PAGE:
All credit and debit cards added to Apple Pay, as well as student cards and transit cards stored in the Wallet app, will be disabled until you return to the phone and sign in to your iCloud account. Once the Apple Card is available, it will also be disabled under these circumstances.
When the phone is turned off and Lost Mode is turned on, you will receive a warning when the phone is turned back on, including its current location – assuming a data connection exists.
If you restore your phone, you must enter the passcode that you created when you activated Lost Mode. Then sign in to your iCloud account.
Do not Confront a Thief
If you can track your phone to a house or home, do not confront the potential thief alone. Call the police and ask them for help. Sure, you want to get your phone back, but it's not ideal to get into a confrontation and possibly get hurt.
Contact your local police and let them handle it.
Contact your wireless service provider
If you can not get your phone back, contact your wireless service provider and let them know that your phone has been lost or stolen. They identify the IMEI (International Mobile Equipment Identity) number of your device and, in most cases, prevent it from functioning on the network, making the device useless to anyone.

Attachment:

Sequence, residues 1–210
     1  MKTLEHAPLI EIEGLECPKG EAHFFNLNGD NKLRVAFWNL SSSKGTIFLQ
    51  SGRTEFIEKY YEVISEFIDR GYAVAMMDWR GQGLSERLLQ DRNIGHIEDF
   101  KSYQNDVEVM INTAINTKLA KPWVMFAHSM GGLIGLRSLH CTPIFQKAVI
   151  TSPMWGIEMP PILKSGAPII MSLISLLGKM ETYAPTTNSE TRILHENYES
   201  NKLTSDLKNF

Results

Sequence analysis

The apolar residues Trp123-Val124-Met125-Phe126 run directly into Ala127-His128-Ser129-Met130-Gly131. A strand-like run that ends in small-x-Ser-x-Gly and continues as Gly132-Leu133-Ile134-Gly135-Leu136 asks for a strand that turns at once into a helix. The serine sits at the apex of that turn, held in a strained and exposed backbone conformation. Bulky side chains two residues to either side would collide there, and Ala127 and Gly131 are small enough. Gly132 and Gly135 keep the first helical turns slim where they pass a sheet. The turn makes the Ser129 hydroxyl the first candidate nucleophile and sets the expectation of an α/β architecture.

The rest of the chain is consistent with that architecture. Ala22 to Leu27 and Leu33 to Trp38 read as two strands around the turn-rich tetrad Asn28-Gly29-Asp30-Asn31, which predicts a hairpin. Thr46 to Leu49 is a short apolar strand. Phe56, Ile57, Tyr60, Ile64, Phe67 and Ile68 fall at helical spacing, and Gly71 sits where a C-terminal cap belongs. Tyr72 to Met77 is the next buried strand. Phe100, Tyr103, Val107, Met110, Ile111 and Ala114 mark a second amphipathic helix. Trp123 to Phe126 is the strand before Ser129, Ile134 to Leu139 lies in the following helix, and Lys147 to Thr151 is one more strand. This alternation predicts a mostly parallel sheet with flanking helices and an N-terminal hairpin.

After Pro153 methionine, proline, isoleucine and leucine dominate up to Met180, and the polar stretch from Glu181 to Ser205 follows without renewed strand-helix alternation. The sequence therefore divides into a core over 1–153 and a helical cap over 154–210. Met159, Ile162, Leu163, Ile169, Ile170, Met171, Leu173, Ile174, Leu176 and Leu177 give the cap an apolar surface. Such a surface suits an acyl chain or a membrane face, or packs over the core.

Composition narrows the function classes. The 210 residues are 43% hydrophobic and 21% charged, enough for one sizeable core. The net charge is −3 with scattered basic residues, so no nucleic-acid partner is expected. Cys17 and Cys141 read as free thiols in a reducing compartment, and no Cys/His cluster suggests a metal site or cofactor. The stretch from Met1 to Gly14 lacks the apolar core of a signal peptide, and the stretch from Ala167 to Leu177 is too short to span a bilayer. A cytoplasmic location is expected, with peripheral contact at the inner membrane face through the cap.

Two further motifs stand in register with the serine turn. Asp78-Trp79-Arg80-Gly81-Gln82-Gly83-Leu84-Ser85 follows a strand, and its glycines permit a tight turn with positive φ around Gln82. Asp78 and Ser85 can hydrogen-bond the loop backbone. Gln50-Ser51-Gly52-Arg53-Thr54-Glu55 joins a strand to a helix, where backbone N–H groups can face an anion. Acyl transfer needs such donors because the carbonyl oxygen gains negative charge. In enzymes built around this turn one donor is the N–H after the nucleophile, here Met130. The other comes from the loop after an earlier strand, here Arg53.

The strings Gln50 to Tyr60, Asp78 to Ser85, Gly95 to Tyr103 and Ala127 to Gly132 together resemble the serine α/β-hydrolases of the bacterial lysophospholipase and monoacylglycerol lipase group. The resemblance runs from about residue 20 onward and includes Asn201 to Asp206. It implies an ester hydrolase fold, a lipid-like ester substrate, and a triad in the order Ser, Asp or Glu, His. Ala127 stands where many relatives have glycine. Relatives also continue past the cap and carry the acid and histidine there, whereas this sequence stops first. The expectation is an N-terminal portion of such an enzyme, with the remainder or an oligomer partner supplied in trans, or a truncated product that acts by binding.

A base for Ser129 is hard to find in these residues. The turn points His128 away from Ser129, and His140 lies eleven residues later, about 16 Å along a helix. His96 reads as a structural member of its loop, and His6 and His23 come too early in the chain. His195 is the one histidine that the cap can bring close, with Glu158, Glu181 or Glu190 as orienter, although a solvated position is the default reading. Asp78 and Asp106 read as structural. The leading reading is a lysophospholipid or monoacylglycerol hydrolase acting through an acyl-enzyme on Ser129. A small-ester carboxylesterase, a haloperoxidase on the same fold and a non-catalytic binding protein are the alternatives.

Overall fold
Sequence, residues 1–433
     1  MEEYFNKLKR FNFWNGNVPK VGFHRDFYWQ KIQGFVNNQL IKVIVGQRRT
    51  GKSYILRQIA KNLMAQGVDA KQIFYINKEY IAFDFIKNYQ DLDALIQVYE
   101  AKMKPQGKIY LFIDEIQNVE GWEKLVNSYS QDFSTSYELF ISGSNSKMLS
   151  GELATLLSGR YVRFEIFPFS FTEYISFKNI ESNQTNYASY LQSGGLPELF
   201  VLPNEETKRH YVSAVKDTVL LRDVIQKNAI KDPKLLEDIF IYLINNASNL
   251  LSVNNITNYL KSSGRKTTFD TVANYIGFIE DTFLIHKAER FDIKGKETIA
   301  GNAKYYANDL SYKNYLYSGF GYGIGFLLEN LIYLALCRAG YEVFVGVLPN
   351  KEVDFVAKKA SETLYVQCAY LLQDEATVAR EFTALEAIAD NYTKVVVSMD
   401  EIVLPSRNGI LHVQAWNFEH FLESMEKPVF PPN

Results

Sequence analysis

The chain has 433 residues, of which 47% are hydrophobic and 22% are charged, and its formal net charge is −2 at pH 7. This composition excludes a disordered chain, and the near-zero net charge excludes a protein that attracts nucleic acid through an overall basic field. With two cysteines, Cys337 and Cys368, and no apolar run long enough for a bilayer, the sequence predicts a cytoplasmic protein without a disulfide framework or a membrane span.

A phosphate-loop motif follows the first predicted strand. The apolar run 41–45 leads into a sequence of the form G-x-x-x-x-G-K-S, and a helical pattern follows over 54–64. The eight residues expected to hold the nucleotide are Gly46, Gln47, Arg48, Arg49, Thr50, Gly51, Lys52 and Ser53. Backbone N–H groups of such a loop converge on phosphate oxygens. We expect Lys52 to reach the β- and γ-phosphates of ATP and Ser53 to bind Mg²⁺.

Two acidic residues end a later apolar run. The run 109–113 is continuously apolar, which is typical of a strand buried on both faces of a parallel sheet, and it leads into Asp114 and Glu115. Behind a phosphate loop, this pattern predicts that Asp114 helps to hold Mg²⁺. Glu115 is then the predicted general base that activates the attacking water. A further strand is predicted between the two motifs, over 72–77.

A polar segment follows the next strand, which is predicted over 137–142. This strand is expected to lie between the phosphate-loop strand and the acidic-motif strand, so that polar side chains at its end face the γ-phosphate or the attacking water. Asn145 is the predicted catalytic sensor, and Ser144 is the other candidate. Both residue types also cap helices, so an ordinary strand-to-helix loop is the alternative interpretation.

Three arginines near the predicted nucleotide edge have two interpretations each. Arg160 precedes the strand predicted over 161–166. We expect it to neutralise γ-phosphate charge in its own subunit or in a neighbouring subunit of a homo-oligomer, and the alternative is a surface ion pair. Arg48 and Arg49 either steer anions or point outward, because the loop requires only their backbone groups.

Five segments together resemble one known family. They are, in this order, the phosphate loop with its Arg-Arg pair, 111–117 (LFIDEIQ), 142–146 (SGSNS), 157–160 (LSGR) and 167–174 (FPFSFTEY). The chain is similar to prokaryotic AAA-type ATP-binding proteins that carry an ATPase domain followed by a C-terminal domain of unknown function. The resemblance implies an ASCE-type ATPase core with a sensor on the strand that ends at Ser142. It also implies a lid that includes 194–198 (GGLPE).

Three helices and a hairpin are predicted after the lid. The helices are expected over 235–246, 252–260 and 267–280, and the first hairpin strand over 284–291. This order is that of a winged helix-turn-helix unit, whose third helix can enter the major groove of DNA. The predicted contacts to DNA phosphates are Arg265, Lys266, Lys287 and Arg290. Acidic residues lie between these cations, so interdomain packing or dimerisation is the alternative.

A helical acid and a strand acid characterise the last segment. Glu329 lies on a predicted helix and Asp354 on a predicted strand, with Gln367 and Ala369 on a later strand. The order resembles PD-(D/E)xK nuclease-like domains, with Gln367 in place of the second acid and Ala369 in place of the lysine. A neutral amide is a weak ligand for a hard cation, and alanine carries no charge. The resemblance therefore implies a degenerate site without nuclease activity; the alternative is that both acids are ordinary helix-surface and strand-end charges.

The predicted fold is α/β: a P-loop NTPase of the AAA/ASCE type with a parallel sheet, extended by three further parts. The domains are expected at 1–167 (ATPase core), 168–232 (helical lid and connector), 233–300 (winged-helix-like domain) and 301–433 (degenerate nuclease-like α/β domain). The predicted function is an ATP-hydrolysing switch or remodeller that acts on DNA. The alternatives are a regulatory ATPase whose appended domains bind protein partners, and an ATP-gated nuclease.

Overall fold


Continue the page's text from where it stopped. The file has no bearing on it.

Remember, when exposed to your service, you reduce the likelihood of following the phone unless it is connected to a well-known Wi-Fi network. Disabling the service should only be done if you are certain that you will not be able to recover the phone.
If you have AppleCare + with theft and loss, or pay the device insurance monthly through your wireless service provider, start the application process as soon as possible. You will need to complete some documentation and pay a deductible to get a replacement device.
To start the process for a phone with AppleCare + with theft and loss insurance, use this website. If you make a claim, your iPhone will be deleted and other users will not be able to use it. If you find your phone after submitting a claim, you can cancel it. However, you will need to re-set your iPhone.
Contact your network operator directly to begin the application process.
Originally published on 15 May.